The power of cities

I’ve finally gotten settled in Buenos Aires, capitol of one of the world’s most progressive countries on LGBT rights. In addition to becoming the first country in Latin America to legalize gay marriage a couple years ago, it passed a landmark gender identity law earlier this year that even its supporters describe as “radical.” Its progressive laws are having a spill-over effect on its northern neighbor, Uruguay, which is poised to pass its own marriage law sometime this fall.

When I’ve asked LGBT activists in these two countries how they’ve gained so much ground so quickly, I get one answer that surprises me: the power of cities. In both countries, they tell me, about half the population lives within the capitol’s metro area. And the media is heavily concentrated in the capitol, too, so if they can win sympathetic coverage on the airwaves they can shape the impressions of much of the rest of population.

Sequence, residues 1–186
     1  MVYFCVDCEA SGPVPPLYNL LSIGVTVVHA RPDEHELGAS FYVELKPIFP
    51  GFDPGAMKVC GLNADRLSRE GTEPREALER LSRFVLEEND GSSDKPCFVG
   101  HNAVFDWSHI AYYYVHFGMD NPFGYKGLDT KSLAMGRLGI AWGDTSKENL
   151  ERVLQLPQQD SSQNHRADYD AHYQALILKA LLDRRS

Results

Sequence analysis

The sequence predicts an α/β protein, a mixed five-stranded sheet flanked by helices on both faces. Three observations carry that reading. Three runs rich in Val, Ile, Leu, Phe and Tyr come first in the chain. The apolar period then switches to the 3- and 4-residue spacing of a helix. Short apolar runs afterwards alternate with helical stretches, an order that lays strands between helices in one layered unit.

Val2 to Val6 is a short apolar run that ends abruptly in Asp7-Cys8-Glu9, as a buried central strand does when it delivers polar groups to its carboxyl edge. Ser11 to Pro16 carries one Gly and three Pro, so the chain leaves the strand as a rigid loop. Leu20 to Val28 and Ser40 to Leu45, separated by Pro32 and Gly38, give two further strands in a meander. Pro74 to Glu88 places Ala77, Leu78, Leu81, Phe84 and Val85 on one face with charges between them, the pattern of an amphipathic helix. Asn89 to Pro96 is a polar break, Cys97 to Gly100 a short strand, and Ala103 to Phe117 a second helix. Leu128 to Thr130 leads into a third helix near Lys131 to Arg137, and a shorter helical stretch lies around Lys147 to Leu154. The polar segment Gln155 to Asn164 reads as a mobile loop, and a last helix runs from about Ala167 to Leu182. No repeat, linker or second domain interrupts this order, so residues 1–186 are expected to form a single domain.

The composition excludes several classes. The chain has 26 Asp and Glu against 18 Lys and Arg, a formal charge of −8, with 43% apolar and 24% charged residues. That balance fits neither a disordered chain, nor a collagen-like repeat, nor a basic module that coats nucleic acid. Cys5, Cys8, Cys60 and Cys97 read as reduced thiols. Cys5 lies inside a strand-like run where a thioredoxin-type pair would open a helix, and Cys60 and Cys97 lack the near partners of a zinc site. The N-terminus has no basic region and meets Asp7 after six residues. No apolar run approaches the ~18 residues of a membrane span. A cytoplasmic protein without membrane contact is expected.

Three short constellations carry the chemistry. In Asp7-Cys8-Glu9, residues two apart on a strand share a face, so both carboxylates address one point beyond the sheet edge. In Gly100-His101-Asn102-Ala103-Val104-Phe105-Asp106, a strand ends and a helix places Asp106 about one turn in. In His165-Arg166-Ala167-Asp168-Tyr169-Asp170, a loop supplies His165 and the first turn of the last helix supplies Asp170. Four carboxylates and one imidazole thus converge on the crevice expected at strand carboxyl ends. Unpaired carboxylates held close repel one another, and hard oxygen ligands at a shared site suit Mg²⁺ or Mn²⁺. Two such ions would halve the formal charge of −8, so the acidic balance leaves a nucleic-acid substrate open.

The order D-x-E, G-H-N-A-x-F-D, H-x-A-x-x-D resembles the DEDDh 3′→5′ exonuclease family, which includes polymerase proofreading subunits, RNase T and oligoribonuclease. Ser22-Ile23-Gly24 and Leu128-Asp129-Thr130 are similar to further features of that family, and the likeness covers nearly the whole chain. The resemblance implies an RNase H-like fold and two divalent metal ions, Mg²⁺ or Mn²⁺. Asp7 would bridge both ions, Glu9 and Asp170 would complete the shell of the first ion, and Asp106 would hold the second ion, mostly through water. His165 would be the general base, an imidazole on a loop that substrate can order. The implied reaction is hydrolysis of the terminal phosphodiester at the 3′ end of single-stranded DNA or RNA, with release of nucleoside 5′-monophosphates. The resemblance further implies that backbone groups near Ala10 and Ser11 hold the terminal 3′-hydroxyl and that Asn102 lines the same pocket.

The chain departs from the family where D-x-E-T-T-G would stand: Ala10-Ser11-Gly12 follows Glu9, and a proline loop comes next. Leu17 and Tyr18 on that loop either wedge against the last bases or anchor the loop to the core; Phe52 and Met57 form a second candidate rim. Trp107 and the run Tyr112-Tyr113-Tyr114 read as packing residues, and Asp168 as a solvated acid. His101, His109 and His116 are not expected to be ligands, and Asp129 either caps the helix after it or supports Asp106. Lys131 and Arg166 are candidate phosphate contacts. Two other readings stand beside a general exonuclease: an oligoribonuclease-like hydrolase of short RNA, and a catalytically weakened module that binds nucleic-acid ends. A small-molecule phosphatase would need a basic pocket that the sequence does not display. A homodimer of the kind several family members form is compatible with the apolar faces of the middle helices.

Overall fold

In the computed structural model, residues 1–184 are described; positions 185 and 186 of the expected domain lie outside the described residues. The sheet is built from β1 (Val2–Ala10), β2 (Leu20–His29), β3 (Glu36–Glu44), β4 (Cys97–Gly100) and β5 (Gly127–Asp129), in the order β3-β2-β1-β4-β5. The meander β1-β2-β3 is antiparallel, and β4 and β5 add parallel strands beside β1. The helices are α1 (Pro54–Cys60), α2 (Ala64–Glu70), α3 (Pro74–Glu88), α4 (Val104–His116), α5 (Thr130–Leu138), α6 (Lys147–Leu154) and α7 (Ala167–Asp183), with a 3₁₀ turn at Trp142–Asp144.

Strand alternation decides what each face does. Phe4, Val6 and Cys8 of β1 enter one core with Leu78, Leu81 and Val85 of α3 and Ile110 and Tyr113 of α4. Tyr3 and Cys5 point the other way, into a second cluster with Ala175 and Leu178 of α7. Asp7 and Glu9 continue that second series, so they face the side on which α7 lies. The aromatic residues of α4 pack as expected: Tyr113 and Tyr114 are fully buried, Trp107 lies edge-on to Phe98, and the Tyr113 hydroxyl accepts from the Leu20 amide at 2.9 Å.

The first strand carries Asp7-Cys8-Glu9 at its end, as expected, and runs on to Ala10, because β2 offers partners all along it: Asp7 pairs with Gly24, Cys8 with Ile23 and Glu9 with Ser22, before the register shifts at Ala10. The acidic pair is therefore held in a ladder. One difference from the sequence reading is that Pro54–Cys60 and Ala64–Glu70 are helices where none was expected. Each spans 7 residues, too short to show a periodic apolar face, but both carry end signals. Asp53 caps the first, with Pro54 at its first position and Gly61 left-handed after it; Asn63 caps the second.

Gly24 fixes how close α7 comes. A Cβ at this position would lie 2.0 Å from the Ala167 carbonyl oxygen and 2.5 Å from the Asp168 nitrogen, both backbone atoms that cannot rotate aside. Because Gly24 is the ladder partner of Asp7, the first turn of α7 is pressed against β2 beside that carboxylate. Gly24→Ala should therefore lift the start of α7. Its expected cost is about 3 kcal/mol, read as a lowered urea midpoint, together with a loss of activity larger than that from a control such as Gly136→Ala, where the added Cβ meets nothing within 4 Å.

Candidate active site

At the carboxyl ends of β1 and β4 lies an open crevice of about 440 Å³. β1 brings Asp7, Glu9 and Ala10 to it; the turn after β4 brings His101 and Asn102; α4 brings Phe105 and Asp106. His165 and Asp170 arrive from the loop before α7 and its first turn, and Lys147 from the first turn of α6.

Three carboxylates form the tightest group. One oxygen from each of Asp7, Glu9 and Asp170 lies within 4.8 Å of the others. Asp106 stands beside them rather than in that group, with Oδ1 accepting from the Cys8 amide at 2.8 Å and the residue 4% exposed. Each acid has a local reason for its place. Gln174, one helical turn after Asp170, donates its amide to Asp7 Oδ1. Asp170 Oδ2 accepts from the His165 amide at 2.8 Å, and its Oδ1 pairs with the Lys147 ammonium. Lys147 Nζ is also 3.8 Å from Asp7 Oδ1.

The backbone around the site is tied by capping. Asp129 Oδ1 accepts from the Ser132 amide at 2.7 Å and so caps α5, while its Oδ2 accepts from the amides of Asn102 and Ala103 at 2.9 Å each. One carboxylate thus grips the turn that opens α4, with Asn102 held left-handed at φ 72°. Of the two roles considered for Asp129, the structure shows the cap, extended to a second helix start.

Of course there are other factors that shape the evolution of the gay marriage debate. But it’s interesting to ask whether there’s a larger structural effect here–is there a strong correlation between urbanization and LGBT-friendly laws? What does this mean in countries like Brazil, where activists are close to winning full marriage rights but are facing much more successful pushback than activists experienced in Argentina?


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